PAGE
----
Shootout at the White Corral — Fritschi, Dynafit, Silvretta Pure


Post by WildSnow.com blogger | June 8, 2007      

Independence Pass in Colorado got a nice coating of white over the past few days. I’ve been meaning to do a final evaluation of the 07/08 Silvretta Pure Freeride binding, what better way than a trip up to Indy and a bit of powder skiing with Louie and Jason, who are still high from recently experiencing their last day of school for the year. Nice to be around some contagious enthusiasm, being the jaded, yawn, backcountry skier that I am (smile). We all use the same size boots, so during the uphill we swapped between Silvretta, Fritschi and Dynafit bindings. Interesting!

Backcountry skiing binding review comparo.
After the climb, a reward was had (Louie skiing in photo above) as we roped some snow dawgies in the White Corall. We didn’t trade bindings on the descent, no need, as I’ve done plenty of downhill comparison skiing on Pures and their characteristics are well known — mainly a high stack height and more flex (when boot cuff is forced left and right) than most other AT bindings. While you do notice a change in stiffness between Pure Freeride and a Dynafit or Fritschi when comparing side-by-side, the difference is probably not a big factor for most people. Demo if in doubt.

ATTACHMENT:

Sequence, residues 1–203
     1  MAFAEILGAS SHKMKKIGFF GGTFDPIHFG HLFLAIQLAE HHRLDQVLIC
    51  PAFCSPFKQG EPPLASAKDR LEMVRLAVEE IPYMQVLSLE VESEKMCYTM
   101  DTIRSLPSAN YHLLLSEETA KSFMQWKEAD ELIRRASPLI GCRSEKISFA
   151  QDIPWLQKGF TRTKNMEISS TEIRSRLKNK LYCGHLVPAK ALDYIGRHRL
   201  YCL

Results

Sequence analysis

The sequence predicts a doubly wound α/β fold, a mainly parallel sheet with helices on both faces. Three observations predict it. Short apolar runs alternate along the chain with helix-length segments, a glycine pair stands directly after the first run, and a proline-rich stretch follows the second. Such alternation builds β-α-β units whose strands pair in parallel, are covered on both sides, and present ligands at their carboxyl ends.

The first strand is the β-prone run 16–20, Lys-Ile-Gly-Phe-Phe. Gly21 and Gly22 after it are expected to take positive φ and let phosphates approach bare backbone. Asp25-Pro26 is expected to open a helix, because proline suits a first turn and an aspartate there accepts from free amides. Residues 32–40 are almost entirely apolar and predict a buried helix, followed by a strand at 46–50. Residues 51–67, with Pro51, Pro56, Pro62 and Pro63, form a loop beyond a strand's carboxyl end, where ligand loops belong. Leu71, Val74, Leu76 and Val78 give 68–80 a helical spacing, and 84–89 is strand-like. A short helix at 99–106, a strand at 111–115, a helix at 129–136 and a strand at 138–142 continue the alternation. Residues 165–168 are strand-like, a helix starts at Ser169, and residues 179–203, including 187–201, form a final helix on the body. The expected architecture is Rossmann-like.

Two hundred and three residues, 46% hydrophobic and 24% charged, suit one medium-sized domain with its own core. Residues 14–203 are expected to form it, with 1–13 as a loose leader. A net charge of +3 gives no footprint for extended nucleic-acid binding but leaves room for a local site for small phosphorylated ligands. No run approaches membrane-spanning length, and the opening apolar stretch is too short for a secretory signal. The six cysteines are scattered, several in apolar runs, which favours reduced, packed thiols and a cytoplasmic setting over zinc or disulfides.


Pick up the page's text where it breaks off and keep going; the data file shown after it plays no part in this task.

(Note that this years lighter model Pure, the “Performance,” has been upgraded with solid carbon rails and thus is similar in stiffness to the Freeride — early “Performance” models had hollow rails and resultant flex that some skiers have found to be disconcerting, myself included. I did my flex test on both new and last year’s Pure Freeride, with the bindings side-by-side on the bench. This year’s model is virtually the same flex as last year’s — no surprise there as the construction is nearly the same.)

Backcountry skiing binding review comparo.